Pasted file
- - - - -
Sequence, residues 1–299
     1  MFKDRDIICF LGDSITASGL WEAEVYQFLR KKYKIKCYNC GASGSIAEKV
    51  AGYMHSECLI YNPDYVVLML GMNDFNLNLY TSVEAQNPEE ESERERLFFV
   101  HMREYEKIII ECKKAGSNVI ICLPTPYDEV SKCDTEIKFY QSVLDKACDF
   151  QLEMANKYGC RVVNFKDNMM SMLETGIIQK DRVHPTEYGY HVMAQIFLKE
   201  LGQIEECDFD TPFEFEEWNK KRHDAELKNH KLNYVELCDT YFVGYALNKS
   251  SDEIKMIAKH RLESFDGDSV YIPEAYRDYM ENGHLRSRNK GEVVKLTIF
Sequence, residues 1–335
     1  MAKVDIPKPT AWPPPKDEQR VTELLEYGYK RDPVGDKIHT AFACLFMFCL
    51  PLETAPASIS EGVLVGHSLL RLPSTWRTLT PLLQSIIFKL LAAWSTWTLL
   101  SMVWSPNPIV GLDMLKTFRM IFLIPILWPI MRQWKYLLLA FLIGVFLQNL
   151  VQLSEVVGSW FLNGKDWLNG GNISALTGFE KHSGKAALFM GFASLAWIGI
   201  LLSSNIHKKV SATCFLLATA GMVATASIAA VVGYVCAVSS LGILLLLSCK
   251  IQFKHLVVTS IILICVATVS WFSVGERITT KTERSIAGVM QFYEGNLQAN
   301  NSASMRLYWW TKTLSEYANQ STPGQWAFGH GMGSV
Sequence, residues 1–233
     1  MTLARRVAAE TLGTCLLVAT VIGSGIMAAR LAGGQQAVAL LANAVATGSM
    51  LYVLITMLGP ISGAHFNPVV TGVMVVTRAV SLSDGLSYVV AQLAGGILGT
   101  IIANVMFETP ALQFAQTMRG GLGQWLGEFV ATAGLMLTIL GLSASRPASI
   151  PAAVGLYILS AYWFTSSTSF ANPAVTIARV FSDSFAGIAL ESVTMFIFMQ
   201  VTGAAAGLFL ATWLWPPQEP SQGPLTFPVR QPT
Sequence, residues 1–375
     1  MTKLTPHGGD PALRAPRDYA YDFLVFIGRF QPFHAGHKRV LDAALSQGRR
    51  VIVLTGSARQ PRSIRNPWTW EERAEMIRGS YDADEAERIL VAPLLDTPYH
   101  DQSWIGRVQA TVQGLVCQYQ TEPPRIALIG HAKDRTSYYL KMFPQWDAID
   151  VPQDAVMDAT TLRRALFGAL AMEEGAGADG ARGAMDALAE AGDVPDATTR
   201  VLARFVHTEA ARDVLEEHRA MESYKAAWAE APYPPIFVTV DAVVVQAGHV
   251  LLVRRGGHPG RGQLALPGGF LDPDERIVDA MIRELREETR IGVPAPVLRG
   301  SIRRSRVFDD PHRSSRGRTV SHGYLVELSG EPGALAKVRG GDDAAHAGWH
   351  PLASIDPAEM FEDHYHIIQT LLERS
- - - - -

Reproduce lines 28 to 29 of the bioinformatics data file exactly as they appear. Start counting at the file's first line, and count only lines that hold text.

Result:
   251  LLVRRGGHPG RGQLALPGGF LDPDERIVDA MIRELREETR IGVPAPVLRG
   301  SIRRSRVFDD PHRSSRGRTV SHGYLVELSG EPGALAKVRG GDDAAHAGWH